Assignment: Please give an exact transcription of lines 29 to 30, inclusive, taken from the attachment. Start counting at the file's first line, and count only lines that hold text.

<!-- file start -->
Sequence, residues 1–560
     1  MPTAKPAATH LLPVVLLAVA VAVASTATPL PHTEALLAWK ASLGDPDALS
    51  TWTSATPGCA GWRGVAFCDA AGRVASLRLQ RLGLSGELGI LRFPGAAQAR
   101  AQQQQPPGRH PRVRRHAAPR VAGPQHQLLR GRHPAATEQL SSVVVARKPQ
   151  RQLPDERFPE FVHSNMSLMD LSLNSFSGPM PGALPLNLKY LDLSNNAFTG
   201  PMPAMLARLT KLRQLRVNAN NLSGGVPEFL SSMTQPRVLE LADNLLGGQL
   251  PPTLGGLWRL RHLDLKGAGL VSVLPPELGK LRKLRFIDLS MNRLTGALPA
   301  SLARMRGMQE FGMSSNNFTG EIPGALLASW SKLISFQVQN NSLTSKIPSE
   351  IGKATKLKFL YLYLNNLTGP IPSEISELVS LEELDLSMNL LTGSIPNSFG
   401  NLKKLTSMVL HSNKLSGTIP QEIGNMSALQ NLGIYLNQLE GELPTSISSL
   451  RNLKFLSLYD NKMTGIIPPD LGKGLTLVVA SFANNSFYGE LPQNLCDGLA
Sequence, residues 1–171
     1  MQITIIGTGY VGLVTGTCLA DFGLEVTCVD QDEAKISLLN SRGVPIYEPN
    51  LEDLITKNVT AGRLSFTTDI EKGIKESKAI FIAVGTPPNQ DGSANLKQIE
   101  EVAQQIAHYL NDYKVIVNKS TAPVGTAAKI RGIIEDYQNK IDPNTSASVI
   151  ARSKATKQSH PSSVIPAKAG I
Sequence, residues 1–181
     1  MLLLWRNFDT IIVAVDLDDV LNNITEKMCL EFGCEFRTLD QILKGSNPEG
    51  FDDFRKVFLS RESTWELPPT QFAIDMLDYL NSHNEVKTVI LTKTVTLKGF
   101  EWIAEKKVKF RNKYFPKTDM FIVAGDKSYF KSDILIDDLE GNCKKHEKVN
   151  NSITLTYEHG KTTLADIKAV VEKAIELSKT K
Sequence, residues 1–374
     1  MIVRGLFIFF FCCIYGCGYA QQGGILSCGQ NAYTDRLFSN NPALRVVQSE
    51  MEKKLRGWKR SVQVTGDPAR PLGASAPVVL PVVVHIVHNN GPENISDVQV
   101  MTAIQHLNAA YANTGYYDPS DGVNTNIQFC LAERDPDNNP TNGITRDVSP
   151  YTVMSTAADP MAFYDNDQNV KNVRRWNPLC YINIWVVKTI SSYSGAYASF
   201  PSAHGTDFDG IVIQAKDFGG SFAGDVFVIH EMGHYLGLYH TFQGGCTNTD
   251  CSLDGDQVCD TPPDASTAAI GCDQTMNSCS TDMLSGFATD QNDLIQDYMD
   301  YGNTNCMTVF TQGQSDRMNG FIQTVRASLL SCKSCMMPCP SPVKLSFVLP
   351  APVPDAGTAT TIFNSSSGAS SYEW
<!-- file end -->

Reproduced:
   301  YGNTNCMTVF TQGQSDRMNG FIQTVRASLL SCKSCMMPCP SPVKLSFVLP
   351  APVPDAGTAT TIFNSSSGAS SYEW